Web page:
Politics

Politician as Member is Another Nail in the Coffin of the National Human Rights Commission

Making a political appointment to the country’s top human rights body is a spectacularly cynical attempt at enfeebling the organisation that is meant to protect India’s vulnerable sections.

Avinash Rai Khanna, BJP national vice president and incharge of Jammu and Kashmir, has been appointed to the NHRC. Credit: Facebook

Avinash Rai Khanna, BJP national vice president and in charge of Jammu and Kashmir, has been appointed to the NHRC. Credit: Facebook

The Narendra Modi-led government will be remembered for many things, but one of its most damaging and lasting legacies will be its systematic and cynical erosion of the credibility and autonomy of a host of educational and cultural institutions, aimed transparently at curbing independent and dissenting liberal education and cultural expression. But even graver is it’s openly dismissive attitude to all democratic institutions for securing public accountability and probity.

There was, for instance, a nine-month delay in the appointment of the chief information commissioner and the central vigilance commissioner. A comparable delay of nine months marked the appointment of the chairperson of the National Human Rights Commission (NHRC), after the retirement of the last incumbent, Justice K.G. Balakrishnan, in May 2015. The statute prescribes that the chair would always be held by a retired chief justice of the Supreme Court. There were many eligible candidates, but the government chose to keep the position vacant until its chosen nominee, Justice H.L. Dattu, retired from the Supreme Court and was available for appointment.

The greatest blow to the independence of the NHRC was the decision by a panel headed by Modi to appoint BJP vice president Avinash Rai Khanna as a member of the commission. This is the first time an active politician has been appointed to the country’s highest human rights oversight institution.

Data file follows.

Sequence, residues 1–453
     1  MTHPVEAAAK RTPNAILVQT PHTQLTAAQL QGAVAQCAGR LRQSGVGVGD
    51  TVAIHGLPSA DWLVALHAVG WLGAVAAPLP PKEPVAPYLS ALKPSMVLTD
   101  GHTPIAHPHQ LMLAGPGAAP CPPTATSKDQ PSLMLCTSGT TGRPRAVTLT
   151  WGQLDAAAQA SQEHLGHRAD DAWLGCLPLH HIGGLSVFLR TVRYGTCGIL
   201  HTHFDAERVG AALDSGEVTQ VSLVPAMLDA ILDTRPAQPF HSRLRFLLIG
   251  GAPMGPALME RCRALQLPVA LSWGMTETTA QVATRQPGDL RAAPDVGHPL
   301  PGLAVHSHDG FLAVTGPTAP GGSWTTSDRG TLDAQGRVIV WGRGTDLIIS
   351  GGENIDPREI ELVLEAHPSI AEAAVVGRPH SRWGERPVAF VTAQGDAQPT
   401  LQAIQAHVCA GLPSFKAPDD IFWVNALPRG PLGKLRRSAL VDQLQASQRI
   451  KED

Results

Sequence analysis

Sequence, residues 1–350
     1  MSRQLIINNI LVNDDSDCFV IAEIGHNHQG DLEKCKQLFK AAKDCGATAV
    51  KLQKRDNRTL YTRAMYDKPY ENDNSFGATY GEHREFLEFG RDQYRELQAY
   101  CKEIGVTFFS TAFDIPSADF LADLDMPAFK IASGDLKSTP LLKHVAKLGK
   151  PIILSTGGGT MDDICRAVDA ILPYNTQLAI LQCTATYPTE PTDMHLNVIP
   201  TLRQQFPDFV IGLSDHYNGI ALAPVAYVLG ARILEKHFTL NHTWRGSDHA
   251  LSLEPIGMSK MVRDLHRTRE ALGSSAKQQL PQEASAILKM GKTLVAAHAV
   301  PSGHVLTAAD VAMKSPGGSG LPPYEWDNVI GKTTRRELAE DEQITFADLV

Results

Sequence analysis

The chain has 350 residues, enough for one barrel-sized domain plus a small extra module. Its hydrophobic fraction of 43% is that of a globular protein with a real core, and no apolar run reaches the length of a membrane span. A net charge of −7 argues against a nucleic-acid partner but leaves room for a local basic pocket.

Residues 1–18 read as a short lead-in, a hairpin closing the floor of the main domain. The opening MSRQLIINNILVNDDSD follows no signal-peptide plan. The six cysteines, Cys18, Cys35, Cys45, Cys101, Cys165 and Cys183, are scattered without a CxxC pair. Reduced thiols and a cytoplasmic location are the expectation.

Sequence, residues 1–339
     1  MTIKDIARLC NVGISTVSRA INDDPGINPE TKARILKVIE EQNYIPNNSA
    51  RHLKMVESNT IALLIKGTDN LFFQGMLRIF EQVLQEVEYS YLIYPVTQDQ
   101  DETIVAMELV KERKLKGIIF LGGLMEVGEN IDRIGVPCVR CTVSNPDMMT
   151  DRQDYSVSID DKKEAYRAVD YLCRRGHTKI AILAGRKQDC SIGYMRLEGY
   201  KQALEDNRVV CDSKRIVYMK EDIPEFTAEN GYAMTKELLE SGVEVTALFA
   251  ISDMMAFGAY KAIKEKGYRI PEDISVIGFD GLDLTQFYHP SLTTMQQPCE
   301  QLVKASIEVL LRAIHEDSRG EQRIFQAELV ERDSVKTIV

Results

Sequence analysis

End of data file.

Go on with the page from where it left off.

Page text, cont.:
The NHRC was envisaged by the statute under which it was created, the Protection of Human Rights Act, 1993, to be an independent, credible and powerful statutory instrument to hold all governments accountable for upholding human rights. These rights, as mandated by the Act, are “rights relating to life, liberty, equality and dignity of the individual guaranteed by the Constitution or embodied in the International Covenants”.

Its record of over two decades in this has been patchy, but under the leadership of Justice J.S. Verma, in 2002 it was severely critical of the Modi-led Gujarat state government for its failures to prevent the communal bloodbath that took the lives of more than a thousand Muslims, many gangraped and burnt alive. It issued many directions for relief and justice for the survivors, and even moved the Supreme Court to ensure justice in ways that had no precedent in the country’s history. Many feared that this is not an institution that Modi, now the country’s prime minister, would wish to function with true independence.

The long delay and obvious selectivity with which the chairperson was belatedly appointed did cause disquiet. But with the appointment of an active senior BJP leader to the commission, the prime minister clearly signals his strategy to reduce the country’s apex human rights institution to a toothless one which is subservient and ideologically compatible with the Hindutva ideology.

Khanna’s appointment

How did Khanna’s appointment come about? The NHRC has four full-time members who are selected by a panel chaired by the country’s prime minister. One of the full-time members has to be a retired Supreme Court judge and another member should be a former chief justice of a high court. The two other members must have “knowledge of, or practical experience in, matters relating to human rights”. The law lays down the process for the selection of the chairperson and members of the NHRC, who are to be selected by a high-level committee headed by the prime minister, with the Lok Sabha speaker, union home minister, leader of the opposition in the Lok Sabha, leader of the opposition in the Rajya Sabha and deputy chairman of the Rajya Sabha.